“We find synergies between wine and cryptocurrency, because wine in a way is a tangible asset and Bitcoin is another asset. It was natural for us to mix the two businesses.”

BTC Wine has three different meanings. BTC is the abbreviation of Bitcoin, like USD, EUR, GBP and so on. It also means Business To Consumer, and By The Case. Many of BTC Wine’s customers are younger than your average fine wine buyer, but de Bonnecaze says the firm has received interest from a pretty broad range of clients.

“The main core of customers are in their 30s and 40s, but you have some people who are in their 60s or 70s,” he says. “Recently we had a guy whose son gave him one Bitcoin a few years ago [now worth more than $35,000] and he wanted to spend it. He didn’t know anything about it, so we helped him to spend it with his wallet.”

The team has found that sales perform well during bullish market conditions, but they decrease during bearish conditions. When asked how he thinks Bitcoin will fare in the years ahead, de Bonnecaze says: “My friends know I am dealing with Bitcoin, and they contact me to ask my predictions. I am pretty sure that Bitcoin and blockchain and the cryptocurrency market will grow in a very huge way in the long-term. But of course if you enter now, you will lose money, because I am pretty sure there will be another decrease. In the long-term I think it will be very useful.”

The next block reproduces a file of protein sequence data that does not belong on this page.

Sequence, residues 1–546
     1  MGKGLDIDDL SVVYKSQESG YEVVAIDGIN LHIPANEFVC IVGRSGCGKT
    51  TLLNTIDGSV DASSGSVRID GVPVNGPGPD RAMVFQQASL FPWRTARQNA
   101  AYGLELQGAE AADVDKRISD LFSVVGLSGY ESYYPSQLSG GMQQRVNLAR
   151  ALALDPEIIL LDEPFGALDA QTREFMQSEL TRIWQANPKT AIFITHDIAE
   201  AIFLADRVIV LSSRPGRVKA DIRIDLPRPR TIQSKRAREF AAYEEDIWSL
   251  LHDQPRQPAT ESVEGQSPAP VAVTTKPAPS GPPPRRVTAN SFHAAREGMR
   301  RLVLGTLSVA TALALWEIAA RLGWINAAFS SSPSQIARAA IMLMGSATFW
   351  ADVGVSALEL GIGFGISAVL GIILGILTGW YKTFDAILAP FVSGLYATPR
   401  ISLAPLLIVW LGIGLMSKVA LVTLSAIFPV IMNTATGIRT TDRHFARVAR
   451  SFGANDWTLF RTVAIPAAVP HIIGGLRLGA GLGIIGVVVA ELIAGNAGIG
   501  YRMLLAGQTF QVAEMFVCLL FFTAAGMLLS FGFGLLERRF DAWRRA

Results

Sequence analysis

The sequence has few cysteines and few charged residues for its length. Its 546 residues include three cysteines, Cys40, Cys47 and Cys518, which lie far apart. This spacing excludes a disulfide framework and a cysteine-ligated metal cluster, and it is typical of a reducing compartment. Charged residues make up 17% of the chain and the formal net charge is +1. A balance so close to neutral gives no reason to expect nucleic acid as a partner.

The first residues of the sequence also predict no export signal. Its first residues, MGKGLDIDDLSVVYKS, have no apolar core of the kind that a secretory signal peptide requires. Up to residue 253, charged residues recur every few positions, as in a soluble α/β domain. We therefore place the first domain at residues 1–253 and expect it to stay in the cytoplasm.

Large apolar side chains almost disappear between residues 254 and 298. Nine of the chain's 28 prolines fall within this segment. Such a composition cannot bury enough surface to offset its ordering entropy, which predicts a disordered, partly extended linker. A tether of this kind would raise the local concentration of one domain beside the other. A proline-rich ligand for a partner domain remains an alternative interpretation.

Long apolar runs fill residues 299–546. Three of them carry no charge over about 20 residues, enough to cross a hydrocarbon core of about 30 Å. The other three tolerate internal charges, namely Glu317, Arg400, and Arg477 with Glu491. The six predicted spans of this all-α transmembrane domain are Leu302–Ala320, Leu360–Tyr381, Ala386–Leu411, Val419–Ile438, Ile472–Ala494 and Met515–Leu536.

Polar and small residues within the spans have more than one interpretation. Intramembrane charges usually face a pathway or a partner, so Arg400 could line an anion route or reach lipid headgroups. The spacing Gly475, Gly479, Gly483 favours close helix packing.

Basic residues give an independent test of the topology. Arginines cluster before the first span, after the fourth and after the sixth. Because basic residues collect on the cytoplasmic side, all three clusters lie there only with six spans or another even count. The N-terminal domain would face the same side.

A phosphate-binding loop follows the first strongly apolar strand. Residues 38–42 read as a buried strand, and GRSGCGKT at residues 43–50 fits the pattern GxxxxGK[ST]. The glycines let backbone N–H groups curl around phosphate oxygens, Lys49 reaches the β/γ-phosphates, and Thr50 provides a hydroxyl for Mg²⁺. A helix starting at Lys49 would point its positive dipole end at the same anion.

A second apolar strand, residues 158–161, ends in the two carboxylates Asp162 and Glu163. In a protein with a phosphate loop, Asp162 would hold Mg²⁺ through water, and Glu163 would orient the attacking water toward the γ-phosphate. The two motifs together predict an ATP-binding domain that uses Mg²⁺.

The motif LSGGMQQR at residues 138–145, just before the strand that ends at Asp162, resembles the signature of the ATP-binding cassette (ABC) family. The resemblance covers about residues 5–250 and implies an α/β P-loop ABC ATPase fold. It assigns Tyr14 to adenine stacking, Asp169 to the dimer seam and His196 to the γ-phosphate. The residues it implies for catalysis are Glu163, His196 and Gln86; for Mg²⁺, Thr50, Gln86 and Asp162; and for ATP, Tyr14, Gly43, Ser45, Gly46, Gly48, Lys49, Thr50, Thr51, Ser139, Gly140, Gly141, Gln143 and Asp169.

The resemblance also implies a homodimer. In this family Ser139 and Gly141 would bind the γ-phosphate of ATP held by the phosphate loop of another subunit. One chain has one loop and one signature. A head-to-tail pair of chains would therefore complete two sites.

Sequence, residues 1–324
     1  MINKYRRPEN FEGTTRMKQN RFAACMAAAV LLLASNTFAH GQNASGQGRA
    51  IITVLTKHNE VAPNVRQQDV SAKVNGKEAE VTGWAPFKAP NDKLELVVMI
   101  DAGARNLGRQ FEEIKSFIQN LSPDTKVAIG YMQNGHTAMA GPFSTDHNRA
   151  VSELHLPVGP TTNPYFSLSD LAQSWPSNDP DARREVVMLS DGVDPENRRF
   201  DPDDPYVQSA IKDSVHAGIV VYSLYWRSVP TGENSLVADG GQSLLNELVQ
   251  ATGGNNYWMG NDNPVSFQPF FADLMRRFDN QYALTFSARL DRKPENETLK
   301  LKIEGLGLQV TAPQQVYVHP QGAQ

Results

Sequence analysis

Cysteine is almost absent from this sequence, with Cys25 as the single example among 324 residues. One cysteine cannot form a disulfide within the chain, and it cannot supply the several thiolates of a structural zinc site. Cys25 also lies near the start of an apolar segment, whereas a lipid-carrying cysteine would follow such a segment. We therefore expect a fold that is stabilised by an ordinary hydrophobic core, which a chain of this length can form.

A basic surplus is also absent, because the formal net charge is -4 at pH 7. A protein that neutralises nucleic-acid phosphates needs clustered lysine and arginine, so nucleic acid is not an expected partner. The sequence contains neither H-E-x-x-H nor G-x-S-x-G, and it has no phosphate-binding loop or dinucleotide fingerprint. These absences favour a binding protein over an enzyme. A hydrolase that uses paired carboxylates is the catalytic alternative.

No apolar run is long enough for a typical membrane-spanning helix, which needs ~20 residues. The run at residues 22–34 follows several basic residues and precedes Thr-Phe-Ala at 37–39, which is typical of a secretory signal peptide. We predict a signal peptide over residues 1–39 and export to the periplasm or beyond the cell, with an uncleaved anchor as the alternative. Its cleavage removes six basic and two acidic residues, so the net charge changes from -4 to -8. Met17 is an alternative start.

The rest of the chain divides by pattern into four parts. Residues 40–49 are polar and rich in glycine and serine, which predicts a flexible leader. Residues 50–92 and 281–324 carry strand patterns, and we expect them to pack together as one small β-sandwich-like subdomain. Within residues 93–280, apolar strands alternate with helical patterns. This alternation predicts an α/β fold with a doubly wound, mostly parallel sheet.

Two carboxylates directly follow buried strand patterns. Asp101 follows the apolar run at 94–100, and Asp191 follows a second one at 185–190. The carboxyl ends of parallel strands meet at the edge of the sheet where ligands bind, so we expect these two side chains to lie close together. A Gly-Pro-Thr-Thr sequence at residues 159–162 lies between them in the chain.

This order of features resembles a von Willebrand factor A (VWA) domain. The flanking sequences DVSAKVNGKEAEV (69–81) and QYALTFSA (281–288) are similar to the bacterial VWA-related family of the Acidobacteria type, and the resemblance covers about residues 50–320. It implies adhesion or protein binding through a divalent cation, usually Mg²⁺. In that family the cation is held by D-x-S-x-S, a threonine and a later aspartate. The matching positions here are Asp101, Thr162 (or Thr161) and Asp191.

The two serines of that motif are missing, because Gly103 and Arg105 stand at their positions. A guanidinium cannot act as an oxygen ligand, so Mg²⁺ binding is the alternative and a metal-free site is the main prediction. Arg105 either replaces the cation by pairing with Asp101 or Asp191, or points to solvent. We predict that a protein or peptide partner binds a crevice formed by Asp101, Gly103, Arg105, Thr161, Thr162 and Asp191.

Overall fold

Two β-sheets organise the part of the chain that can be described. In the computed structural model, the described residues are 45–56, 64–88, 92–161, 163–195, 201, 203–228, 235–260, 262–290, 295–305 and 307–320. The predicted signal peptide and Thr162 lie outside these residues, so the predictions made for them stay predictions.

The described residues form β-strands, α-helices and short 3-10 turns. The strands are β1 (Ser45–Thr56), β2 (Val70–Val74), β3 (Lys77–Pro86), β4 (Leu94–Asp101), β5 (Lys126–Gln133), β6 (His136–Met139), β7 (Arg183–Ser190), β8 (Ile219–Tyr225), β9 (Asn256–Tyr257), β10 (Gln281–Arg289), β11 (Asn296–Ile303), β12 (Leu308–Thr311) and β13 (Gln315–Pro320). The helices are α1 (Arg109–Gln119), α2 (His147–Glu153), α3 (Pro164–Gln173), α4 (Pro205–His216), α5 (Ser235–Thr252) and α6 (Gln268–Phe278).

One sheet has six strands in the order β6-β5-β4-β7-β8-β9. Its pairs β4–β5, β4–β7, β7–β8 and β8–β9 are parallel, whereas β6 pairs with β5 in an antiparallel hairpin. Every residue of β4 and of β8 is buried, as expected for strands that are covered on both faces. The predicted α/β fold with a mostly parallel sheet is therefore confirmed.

The current range features around 200 wines, spanning Bordeaux Grands Crus, top Burgundy wines, Rhône Valley fine wines, luxury Champagne, Super Tuscans and high-end Spanish wines. Yet the team is in the process of increasing the range to 2,000. “We are looking for the best wines in every country. We have bought the best wines from England – the most expensive sparkling wine that Chapel Down has, about £100 a bottle. We only want luxury wines. We don’t want to sell by the bottle or cheap wines. That’s not our business. “

The fine wines are packed in original wooden cases and shipped around the world, with full insurance and safety over-packaging. 

It has also created a limited edition called Bitcoin la Cuvée, which is available in Margaux and Saint-Emilion Grand Cru, packed in original wooden case of six bottles numbered from 1 to 1440, with the option of purchasing in Bitcoin and other cryptocurrencies.

Accepting Bitcoin as a banking method presents challenges and opportunities for a wine merchant. The advantage of Bitcoin, Ether and Bitcoin Cash is that they are decentralized, peer-to-peer currencies. They allow direct transfers from one wallet to another, crossing international borders with ease and cutting out the need for a middleman. Banks and traditional financial institutions do not get involved, so there is no need for handling fees, conversion fees and so on. That makes it a lot cheaper to deal in crypto than in fiat currencies like euros and dollars.